LIBR 200 Introduction

Hello Poets (& Librarians)

As you may know (or not) I am two semesters in to a MLIS program from SJSU. I am thrilled to be part of a digital community so tech oriented and founded in collaboration. I have posted a few library things here before, and you can expect at least a few more, but I promise I will make them as poetry related as possible.

So without further adieu:

My LIBR 200 Introduction

I grew up in Las Vegas, NV, where my family had a long history in the casino industry. It never interested me; though I was hardly a veracious reader I found joy in poetry and therefore pursued a degree from James Madison University (in Virginia) in English. My father, the pragmatic businessman insisted that I hedge my writer bets with a more realistic major on the side. I double majored in Media Arts and Design to better prepare me for a career in marketing, and decided to be a poet ‘on the side.’

I took a job at a small casino marketing firm in Las Vegas serving a wide variety of tribal casinos across the nation. I was a Production Coordinator and Social Media Guru, whatever that means. The work was woefully drab and after only a year I decided there must be more to life than an onslaught of deadlines. I took a risk and left to pursue more classes and maybe get an MFA in Poetry. In the meantime I had a few odd jobs, including being a barista at Coffee Bean and a tutor for ESL students.

Eventually I found a part time gig at my local public library. It was a Page job but was just enough to get my feet wet with libraries. I loved the sensation of helping people in a genuine way, having nothing to sell and their best interests in mind. I was quickly promoted to a position at the Reference Desk where I specialize in computer/tech help and will soon be teaching classes on Resumes and Social Media.

I aspire to work in academic libraries someday, but for now my public library job is wildly fulfilling and most of the time more fun than a job should be! I still write poetry and short non-fiction almost every day and perhaps will tackle that MFA after earning my MLIS.

Thanks for stopping by! Look back for more poetry!

As always, Keep Writing


(or for the library students, Emilee Wirshing)

Library School Day 2


Hello Poets!

I am tasked with constructing a blog for my library class, but thought rather than whirl down the drain of temporary cyber space, I would instead combine the process of poetry with the process of my career; as often they have been one and the same. So, for those of you following along, I have begun my studies (online of course) at San Jose State, to get a degree and be a real-live-grown-up Librarian.

Last month I wrote an article on LinkedIn about the importance of libraries in a society that seems to have forgotten them. Though my experience has been far different, I know the general consensus is the long swan song of our public bookish spaces.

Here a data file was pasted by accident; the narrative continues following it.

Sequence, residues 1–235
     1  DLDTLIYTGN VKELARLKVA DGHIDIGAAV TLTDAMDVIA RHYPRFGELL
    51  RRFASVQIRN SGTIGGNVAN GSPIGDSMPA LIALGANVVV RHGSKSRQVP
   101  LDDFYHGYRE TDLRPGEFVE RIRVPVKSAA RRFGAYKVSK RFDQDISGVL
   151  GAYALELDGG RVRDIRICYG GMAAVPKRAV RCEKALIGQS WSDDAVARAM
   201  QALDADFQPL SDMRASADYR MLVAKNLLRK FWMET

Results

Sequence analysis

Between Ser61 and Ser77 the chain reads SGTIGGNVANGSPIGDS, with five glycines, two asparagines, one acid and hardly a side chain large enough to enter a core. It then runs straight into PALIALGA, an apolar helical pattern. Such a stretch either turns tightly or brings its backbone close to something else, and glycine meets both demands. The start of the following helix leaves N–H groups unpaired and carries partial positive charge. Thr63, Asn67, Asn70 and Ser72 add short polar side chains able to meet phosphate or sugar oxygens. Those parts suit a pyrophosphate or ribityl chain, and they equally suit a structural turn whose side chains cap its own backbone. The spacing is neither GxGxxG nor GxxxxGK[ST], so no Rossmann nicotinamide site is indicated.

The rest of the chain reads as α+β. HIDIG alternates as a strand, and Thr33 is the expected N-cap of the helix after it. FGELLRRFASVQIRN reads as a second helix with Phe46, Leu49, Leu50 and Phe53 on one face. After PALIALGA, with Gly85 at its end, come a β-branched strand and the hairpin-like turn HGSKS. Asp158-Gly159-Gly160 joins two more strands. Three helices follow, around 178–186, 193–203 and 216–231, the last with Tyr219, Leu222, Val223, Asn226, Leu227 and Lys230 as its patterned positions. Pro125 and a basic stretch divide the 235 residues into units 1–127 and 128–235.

Here, I want to express my love for a small but important section of the library that pangs deeply with all of us: Poetry 813. 

The Poetry Section is a Mess. 

Not just because poets from opposing centuries get different numbers, like 811.3 or 811.8 or later in anthologies 820… no poetry books in libraries (Dewey System anyway) have a certain tendency to be thin and disheveled because poetry is disheveled. We are in an age of ever changing standards. I see it all day long working on the journal [NGQ]. I find the poetry section, unlike any other section in the stacks, to be the vast tree rings of our complex theories. A rough cut crystal hastily cracked to marvel what lies inside. The poetry section makes me wonder about what was lost, pared down, purged from the ever bulking shelves. 

I think often of the poetry shelves. The paper whisp editions of temporary art. I imagine the poetry section is purged with the most frequency and the least impact. This poet out of vogue, that long lost writer in his place. And yet, we are clearing only half an inch away. Not an encyclopedia, not a novel. Five score pages, no more.

I think often of myself on the poetry shelves. 811.13 WIR

But there is no such book. Nor will there ever be. For many of us, the poetry shelves are little more than a throw back to a simpler more guarded time. Now the internet provides for us our own shelf, equipped with the whisperes of fellow poets, aspiring writers, quiet readers. We are luckier than anyone on the 813 shelf. No purging. No missing books, lost forever in someone else’s living rooms.

I think often of the tree rings of this writing generation. Millenials, they call us. I once used that term in my thesis (long before it came into common tongue) to describe anyone writing now. Not just the youth, but the longstanding veterans, who wrote to capture this moment. This tree ring.

It has grown out of itself; sprouten and sprawled into something more complicated, unruly and wild. The tree ring of this writing generation is a seed. And with that we have outgrown the poetry shelf, our humple reminder of what greatness came to a lifetime ago.

Keep Writing and Visit Your  Local Library